Having an identity is part of living in a modern society, and the key to accessing public services, bank accounts, and jobs. But how should developing countries with tight budgets go about building a national system that records births and deaths and establishes identities?
A panel including representatives from Ghana, Moldova, and Canada explored that question and related issues Friday at Making Everyone Count: Identification for Development, during the World Bank-IMF Annual Meetings. The event was live-streamed in Arabic, English, French, and Spanish and moderated by Kathy Calvin, president and CEO of the United Nations Foundation.
World Bank Group Global Practices Director Keith Hansen said that while “identification is integral to personhood” and dignity, only a fraction of the population of low- and middle-income countries is covered by a vital statistics system. The resulting dearth of data means it’s nearly impossible to accurately measure progress on goals such as reducing maternal and infant mortality.
“Of the 40 or so countries that account for 90% of child deaths in the world, only two have a functioning vital statistics system. For all the rest, they literally do not know who is being born and who is dying,” said Hansen.
However, technological advances and widespread use of mobile phones could allow some countries to make rapid progress on this front.
The cost of implementing technology to establish a national identification system has “dropped significantly,” said Dr. Joseph Atick, a director of the Identity Counsel International. “The return on investment is now more compelling than ever for governments, as well as enterprises around the world.”
The technologies associated with national ID systems are mature and have been widely adopted, he added. “Identity systems have become commodities, and as a consequence, we can be safe to say they are tried and true, and therefore we can deploy them for the common good.”
Atick cautioned, however, that building an ID system without strong data and privacy protections and regulations “is a very dangerous thing” because of the potential it could be misused to discriminate against or track people in their personal lives. He said a mechanism is needed to “protect the legal rights of those who fall into the system and protect the human rights of those who fall outside of the system.”
Moldova’s “strong law on data protection” was a factor in a decision to create mobile digital IDs as part of a move to modernize, digitize and improve public services, said Stela Mocan, executive director of Moldova’s eGovernment Center. The government decided to leverage the country’s “very high mobile penetration” rate and make e-services, including signing legal documents, available through mobile phones. It partnered with private sector firms to establish the mobile digital IDs and define cost- and revenue-sharing models to ensure the sustainability of the service, said Mocan. The government also made it mandatory for every online government service to be integrated with the mobile digital ID. The project, part of the Governance eTransformation Project supported by the World Bank, did not require “any serious financial investments” from the government, “just organization, leadership, and commitment to implement this project,” said Mocan.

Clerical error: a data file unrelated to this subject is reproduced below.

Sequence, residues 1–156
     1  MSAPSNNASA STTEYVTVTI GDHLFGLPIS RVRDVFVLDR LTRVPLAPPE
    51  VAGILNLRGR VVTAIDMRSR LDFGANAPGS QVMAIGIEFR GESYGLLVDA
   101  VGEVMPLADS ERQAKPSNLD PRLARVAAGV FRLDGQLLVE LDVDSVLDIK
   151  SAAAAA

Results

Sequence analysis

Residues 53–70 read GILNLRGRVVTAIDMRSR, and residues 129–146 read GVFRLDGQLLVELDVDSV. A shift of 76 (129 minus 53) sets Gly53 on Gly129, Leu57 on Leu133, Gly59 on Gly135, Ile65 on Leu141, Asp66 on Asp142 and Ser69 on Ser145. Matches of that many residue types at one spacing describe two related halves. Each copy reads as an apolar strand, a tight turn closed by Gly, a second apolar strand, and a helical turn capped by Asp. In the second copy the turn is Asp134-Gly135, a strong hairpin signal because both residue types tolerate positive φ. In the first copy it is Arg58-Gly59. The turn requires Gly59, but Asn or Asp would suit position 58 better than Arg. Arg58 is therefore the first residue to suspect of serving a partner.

Ghana moved to develop an “intelligent identity system” after transitioning from a low-income country to a lower-middle income country in 2011 and seeing such a system as a “way to grow the economy,” said Ghana Deputy Minister of Communications Edward Ato Sarpong.
The government began a process to put the “right systems in place,” including establishing a national identification authority, a regulatory environment, and, recently, passing a data protection act. With support from the World Bank, the government is working on harmonizing seven separate ID systems into one electronic identification system. One of the top objectives is to be able to deliver social services and benefits – an effort hampered by the fact “people can’t be easily identified” currently, said Sarpong.
He said that one of the key steps for a successful national identification system is trust. “That is a major issue, especially across sub-Saharan Africa,” said Sarpong. “What we need to understand is we cannot live in this global world without being known … and being known requires some sort of identification.”
Another issue is cost and prioritizing development needs such as hospitals, roads, and telecommunications, he added. “As much as we understand that it’s critical for everyone to count and everyone to be known, we have to do it in light of current challenges and difficulties that we face.”
Developing countries may be able to get help to develop civil registration and vital statistics systems from a new global financing facility for Every Woman Every Child that will be housed at the World Bank. Canada has pledged $200 million to the facility to encourage developing countries to build systems to register births and deaths.
The effort is directly related to a top initiative for Canada — maternal, newborn, and child health, said Canada’s Minister of International Development Christian Paradis. “You need to know when a baby is born, when it died, and what was the cause. If you do not have any data, you cannot measure,” he said. Collecting vital statistics is a “fundamental piece” of the strategy to improve maternal and child health and other socioeconomic outcomes, said Paradis. “You have to start from the beginning.”
Added Hansen: “Today, more than ever, we have the tools, including information and communication technology, mobile devices, and low-cost biometrics, which are making it possible for many countries to leapfrog over an entire generation of technology to smarter systems that will allow for more efficient public spending.”